Louis Marie de Schryver (French, 1862-1942)
Louis Marie de Schryver (French, 1862-1942)

Rue Royale, Paris

Louis Marie de Schryver (French, 1862-1942)
Rue Royale, Paris
signed 'Louis de Schryver 98.' (lower left)
oil on canvas
22¼ x 32¾ in. (56.5 x 83.2 cm.)
with MacConnal-Mason & Son, Ltd., London.
Acquired from the above by the father of the present owner.
Paris, Salon, 1898, no. 1829.

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Lot Essay

Louis Marie de Schryver's oeuvre offers a glimpse of the elegant life of the privileged class in fin-de-siècle Paris. His paintings capture the grand boulevards, bustling with flower vendors, fashionably dressed women and stylish horse-drawn carriages that characterized the City of Light in the Belle Époque.

In Rue Royale, Paris, de Schryver depicts one of the city's most famous streets. A popular destination for the wealthy in turn-of-the-century Paris as well as today, Rue Royal is known for its luxury shops and restaurants. De Schryver playfully calls attention to the street's fashionable character by placing a shop sign with the word 'Modes' in the upper left of the painting. Below, two women, one clad in an elaborate turquoise hat and dress and the other in a similarly ornate purple ensemble, affirm the meaning of the sign. Just a few steps ahead, a wet nurse, wearing the traditional red bonnet of her profession, appears in an intricate rose-colored cloak, holding a baby in an equally extravagant white gown. The pink of the wet nurse's attire echoes in the exuberant flowers spilling over the vendor's cart while the purple hues of the single burst of lilacs are picked up in the violet dress of the woman at the center of the composition. This lavender lady signals to her chic friend in the horse drawn carriage, adding another narrative note to the already engaging image.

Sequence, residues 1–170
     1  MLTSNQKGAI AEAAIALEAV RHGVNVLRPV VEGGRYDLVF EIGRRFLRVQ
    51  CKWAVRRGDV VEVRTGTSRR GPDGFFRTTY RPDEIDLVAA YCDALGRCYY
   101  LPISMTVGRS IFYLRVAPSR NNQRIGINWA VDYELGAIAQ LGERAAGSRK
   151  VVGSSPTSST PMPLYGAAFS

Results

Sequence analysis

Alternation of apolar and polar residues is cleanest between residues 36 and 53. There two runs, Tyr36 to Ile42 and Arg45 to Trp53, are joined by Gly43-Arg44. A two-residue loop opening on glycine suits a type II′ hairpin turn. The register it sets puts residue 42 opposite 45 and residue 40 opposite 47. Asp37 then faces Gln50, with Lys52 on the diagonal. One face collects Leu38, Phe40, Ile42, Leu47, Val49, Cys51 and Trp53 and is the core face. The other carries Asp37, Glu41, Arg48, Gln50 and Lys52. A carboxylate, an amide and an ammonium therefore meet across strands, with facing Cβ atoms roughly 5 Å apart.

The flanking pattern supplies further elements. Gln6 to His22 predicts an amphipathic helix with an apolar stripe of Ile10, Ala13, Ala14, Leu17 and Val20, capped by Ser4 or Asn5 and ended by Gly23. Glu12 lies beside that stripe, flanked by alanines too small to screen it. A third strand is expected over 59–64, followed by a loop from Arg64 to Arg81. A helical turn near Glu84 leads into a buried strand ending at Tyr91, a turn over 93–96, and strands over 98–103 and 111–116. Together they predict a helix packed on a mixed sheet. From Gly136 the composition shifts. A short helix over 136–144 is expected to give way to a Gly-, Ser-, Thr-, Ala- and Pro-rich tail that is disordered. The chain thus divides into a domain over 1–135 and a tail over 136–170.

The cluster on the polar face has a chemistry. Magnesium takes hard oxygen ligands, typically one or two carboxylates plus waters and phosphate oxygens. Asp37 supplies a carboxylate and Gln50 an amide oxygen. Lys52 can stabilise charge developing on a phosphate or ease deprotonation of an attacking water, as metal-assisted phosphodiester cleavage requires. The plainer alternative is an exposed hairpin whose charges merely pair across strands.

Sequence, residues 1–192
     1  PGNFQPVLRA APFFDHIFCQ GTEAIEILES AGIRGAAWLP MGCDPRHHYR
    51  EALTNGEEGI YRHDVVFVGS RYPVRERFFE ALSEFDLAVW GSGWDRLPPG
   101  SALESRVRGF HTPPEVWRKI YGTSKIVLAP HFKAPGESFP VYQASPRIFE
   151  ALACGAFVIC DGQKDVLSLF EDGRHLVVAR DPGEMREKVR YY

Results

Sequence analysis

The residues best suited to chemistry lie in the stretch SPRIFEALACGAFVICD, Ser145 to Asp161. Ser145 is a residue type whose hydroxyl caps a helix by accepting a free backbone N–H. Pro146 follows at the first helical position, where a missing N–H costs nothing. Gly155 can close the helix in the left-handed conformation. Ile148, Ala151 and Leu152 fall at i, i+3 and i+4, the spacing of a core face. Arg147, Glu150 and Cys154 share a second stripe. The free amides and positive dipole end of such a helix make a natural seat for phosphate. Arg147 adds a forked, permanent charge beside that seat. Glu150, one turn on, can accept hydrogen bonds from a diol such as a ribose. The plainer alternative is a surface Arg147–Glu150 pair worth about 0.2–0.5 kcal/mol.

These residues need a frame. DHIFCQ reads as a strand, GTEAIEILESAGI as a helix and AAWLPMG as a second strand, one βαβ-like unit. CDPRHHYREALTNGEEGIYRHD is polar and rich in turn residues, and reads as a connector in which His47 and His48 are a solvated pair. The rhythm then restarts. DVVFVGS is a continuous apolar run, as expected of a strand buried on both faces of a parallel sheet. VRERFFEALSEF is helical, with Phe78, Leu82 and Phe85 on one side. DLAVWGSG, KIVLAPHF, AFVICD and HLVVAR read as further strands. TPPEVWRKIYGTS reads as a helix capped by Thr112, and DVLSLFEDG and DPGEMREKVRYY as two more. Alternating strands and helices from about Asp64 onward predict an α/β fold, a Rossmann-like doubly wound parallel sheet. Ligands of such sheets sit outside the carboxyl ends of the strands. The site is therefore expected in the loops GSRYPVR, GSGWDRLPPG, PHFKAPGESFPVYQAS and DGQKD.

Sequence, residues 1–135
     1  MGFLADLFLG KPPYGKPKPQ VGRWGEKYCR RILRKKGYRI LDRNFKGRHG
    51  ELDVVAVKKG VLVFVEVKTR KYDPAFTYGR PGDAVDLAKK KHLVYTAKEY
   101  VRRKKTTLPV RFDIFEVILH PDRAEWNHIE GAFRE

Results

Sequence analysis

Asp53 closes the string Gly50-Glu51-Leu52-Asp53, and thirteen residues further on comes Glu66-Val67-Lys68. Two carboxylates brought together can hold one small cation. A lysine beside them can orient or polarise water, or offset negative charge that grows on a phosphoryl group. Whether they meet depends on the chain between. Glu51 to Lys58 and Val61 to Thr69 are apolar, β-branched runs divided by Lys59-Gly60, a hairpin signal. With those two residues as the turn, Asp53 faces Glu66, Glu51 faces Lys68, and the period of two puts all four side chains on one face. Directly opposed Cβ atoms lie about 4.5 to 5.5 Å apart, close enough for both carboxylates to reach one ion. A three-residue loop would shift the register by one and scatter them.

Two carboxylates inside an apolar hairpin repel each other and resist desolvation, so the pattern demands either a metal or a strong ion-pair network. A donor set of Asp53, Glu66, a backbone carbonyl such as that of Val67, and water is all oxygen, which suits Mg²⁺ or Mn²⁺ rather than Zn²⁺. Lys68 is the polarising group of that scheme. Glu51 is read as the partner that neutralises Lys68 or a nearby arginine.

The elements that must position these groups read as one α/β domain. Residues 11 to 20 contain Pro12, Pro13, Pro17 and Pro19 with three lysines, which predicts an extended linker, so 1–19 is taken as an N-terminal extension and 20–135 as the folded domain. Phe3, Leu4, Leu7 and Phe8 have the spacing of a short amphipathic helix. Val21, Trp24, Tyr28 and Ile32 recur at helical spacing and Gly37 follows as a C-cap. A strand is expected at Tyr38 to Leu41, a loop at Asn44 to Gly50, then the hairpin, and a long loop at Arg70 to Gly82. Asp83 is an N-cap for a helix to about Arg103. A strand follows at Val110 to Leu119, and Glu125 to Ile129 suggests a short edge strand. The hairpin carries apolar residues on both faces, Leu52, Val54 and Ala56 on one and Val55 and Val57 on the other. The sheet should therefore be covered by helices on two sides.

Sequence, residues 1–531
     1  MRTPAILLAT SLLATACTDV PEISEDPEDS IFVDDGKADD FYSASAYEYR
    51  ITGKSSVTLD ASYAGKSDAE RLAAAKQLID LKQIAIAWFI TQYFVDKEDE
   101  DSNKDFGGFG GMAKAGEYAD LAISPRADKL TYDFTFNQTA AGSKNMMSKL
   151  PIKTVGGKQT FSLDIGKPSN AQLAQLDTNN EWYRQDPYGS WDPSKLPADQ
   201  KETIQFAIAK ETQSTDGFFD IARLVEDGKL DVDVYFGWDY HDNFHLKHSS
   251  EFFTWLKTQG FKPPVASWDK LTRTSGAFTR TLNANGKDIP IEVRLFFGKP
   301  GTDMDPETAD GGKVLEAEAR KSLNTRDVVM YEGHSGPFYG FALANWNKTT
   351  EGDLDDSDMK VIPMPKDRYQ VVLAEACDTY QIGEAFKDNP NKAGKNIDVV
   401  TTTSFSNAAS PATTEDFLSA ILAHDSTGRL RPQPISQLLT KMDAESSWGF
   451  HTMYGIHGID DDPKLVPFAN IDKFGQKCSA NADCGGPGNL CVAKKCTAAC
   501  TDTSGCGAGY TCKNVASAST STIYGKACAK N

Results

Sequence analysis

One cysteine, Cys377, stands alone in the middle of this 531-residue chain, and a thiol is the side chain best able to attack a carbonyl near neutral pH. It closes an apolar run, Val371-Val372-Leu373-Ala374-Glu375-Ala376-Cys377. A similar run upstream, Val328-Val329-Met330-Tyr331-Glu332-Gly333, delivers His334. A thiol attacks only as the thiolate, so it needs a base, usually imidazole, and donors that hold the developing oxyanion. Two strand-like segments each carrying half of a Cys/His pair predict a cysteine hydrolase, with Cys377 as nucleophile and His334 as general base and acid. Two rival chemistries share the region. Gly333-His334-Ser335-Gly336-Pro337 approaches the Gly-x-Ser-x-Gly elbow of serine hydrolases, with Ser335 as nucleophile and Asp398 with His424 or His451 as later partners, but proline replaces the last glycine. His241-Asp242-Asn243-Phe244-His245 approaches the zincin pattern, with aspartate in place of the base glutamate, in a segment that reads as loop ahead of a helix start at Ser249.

Amidst these stylish, hurried Parisians, a single dog pauses at the lower edge of the canvas peering out at the viewer as if to invite us into the lively scene. We are led further into the composition by the rows of buildings that form plunging perspectival lines that terminate in the hazy grayish-blue outline of the Luxor Obelisk and the dome of L'Hôtel National des Invalides. With these recognizable monuments in the distance, de Schryver reminds us of Paris' rich cultural past in the midst of his image of buzzing contemporary life.

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